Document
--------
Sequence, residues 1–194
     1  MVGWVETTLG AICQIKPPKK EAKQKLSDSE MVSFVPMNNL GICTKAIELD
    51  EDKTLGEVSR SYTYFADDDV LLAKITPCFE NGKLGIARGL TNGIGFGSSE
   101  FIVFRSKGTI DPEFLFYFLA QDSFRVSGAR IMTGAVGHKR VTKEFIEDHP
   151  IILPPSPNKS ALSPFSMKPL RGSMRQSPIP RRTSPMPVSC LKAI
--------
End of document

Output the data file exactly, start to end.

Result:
Sequence, residues 1–194
     1  MVGWVETTLG AICQIKPPKK EAKQKLSDSE MVSFVPMNNL GICTKAIELD
    51  EDKTLGEVSR SYTYFADDDV LLAKITPCFE NGKLGIARGL TNGIGFGSSE
   101  FIVFRSKGTI DPEFLFYFLA QDSFRVSGAR IMTGAVGHKR VTKEFIEDHP
   151  IILPPSPNKS ALSPFSMKPL RGSMRQSPIP RRTSPMPVSC LKAI